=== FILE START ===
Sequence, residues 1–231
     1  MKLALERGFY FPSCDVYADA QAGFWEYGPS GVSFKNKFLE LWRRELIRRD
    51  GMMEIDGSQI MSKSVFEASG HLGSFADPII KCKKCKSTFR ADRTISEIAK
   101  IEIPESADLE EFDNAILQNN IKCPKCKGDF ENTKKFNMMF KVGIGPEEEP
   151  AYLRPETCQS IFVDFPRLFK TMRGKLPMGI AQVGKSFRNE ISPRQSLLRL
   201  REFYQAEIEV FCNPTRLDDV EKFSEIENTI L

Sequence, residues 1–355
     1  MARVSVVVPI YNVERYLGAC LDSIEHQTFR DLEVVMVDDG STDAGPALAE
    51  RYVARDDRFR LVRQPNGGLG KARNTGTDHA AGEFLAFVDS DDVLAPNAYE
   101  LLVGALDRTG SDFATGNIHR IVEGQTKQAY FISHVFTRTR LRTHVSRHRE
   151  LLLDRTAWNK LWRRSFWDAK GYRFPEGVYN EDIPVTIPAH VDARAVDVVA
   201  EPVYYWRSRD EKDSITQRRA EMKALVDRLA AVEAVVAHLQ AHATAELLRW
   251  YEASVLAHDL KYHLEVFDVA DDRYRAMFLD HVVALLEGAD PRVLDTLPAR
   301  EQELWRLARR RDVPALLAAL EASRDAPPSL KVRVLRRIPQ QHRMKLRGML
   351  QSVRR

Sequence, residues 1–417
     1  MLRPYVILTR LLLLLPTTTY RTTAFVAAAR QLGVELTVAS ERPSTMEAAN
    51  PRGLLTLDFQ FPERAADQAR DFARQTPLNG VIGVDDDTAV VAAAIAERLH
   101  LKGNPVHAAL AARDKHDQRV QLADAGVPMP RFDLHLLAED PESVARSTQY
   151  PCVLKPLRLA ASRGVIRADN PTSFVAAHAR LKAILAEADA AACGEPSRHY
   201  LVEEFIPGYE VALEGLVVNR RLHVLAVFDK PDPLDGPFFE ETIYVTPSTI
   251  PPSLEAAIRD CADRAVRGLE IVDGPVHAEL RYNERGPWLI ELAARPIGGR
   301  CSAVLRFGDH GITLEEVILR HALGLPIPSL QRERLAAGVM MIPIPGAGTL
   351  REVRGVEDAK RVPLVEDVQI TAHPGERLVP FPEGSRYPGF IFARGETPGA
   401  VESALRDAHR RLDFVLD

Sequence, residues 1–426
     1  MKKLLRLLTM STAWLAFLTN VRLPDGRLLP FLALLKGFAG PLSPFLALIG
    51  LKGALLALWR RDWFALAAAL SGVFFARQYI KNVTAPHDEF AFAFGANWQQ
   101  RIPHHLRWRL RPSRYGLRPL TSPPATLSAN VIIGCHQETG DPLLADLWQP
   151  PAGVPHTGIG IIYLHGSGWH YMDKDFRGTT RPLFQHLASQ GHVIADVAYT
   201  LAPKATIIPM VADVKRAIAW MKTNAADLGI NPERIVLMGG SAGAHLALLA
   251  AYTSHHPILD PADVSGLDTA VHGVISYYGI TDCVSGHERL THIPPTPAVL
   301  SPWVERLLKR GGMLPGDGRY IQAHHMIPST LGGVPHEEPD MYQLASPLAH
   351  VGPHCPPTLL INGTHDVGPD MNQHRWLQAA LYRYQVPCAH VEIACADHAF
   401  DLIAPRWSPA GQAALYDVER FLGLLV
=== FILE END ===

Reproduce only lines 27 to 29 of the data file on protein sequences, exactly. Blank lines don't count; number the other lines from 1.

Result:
     1  MKKLLRLLTM STAWLAFLTN VRLPDGRLLP FLALLKGFAG PLSPFLALIG
    51  LKGALLALWR RDWFALAAAL SGVFFARQYI KNVTAPHDEF AFAFGANWQQ
   101  RIPHHLRWRL RPSRYGLRPL TSPPATLSAN VIIGCHQETG DPLLADLWQP